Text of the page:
Both as children and as adults, Jack and his brother, Warnie, although three years apart in age, were extremely close. The siblings were different—Jack recreating a medieval world in his drawings and dreams and the older Warnie focusing on technology and travel methods such as ships and trains. Together, however, they explored during their childhood in the early twentieth century, finding the wardrobe that became a focus of Jack’s Narnia series, a piece of furniture that joined them later when they shared another house through most of their adulthood. A peaceful childhood was interrupted by their mother’s death and their being sent to a cruel boarding school and their joining the military during the first world war.

Verdict: Lush watercolors matching the brothers’ dreams and approaches follow their experiences; Lanan chronicles her sources for most of these illustrations. McAlister provides interesting touches about their lives such as Warnie typing up Jack’s writings. The book stands alone if the reader has not experienced the Narnia series or provides an inviting companion for older children who have already read the seven books published in the 1950s.

May 2020 review by Nel Ward.

Book review: The Fabled Life of Aesop, by Ian Lendler, illustrated by Pamela Zagarenski

Lendler, Ian. The Fabled Life of Aesop. Il. Pamela Zagarenski. Houghton Mifflin, 2020. $18.99. 64p. ISBN 978-1-328-58552-3. Ages 7-11. P9 Q10

Many people know the fables of Aesop, stories about animals that depict a moral, but far fewer know about his life—at least, the biography passed down 2,500 years since his birth as a slave. According to Lendler, Aesop was so intelligent that he communicated ideas that his owners might not like through these stories so that he stayed out of trouble with them. With his savvy, practical view on life, he even gained his freedom. An Afterward explains the way that fables became an art form from the oldest stories in Sumeria (contemporary Iraq) and attempts of historical scholars to determine the truth of Aesop’s life. Almost two-third of the book are versions of 13 fables such as “The Tortoise and the Hare,” “The Boy Who Cried Wolf,” and “The Goose and the Egg.”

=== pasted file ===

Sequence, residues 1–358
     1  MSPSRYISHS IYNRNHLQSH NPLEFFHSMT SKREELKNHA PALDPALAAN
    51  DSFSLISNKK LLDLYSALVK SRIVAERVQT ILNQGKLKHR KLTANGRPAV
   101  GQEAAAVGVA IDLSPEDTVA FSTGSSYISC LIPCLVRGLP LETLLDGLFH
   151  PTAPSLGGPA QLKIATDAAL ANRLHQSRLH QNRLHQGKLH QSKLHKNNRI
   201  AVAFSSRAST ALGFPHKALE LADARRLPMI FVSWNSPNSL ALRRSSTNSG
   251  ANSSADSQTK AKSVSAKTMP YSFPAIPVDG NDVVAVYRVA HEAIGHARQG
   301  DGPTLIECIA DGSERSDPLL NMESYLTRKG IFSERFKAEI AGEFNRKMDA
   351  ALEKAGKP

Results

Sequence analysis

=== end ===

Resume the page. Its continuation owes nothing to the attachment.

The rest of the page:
Verdict: Vivid watercolors with mixed-media collage are even sometimes more superb than the flowing narrative of Aesop’s biography, and the clarity and brevity of the stories make them suitable for short readings. A fantastic addition to a library or a gift for a young person.

May 2020 review by Nel Ward.

Book review: Lost Cities, by Giles Laroche

Laroche, Giles. Lost Cities. Houghton Mifflin, 2020. $17.99. unp. ISBN 978-1-328-75364-9. Ages 7-10. P8 Q9

Two-page spreads, each with illustrations across the page breaks, highlight 13 settlements, most of them cities with a brief explanation of their locations, inhabitants, reasons for their disappearances, discoveries of their existence, and mysterious facts. Another two-page spread gives the timeline when the mysterious place was created and a map of the world showing the 13 locations. Only one location, Jamestown, is not indigenous; it was the first permanent English settlement in North America, built in 1607. Another, Easter Island, concentrated on the massive stone figures mysteriously created.

Verdict: The organization of the book seems somewhat chaotic; a table of contents would have been useful. The flyleaf promises “ancient cities,” which doesn’t fit either Jamestown or Easter Island. On the other hand, the illustrations are magnificent. In six panels at the end of the book, Laroche explains how he made each illustration with cutting, painting, and gluing up to eight layers of paper to create shadows for a dimensional quality and photographed with special lighting effects. These cut-outs, from the tiny blue cat to the large stone figures, moai, on Easter Island are placed against painted backgrounds.

May 2020 review by Nel Ward.

Book review: Women Artists A to Z, by Melanie LaBarge, illustrated by Caroline Corrigan

LaBarge, Melanie. Women Artists A to Z. Il. Caroline Corrigan. Dial, 2020. $19.99. unp. ISBN 978-0-593-10872-7. Ages 6-11. P7 Q8

Use of the alphabet highlights racially and culturally diverse women artists, primarily from the past century, along with the variety of media, techniques, subject matter, and themes used by each artist. For example, Maya Lin is the subject of “N Is for Nature,” and Maria Martinez’s clay pieces are the subject of “P Is for Pottery.” All the letters are about subjects except for “Q Is for Quilt,” featuring the Gees Bend Collective. Each double-spread uses the same format with large font for the alphabet statement, a brief paragraph about the artist, and a depiction of the artist’s work. The short biographical sketches at the end of the book give additional information.

Verdict: Because all the artwork in the book comes from bold blocky digital images, the reader has no feeling of the actual product of different artists, and the some of the subjects’ accomplishments are omitted in a superficial description, for example, Maya Lin’s design of the Vietnam Veterans Memorial when she was only 21. Yet the book introduces some lesser known female artists to younger readers.

May 2020 review by Nel Ward.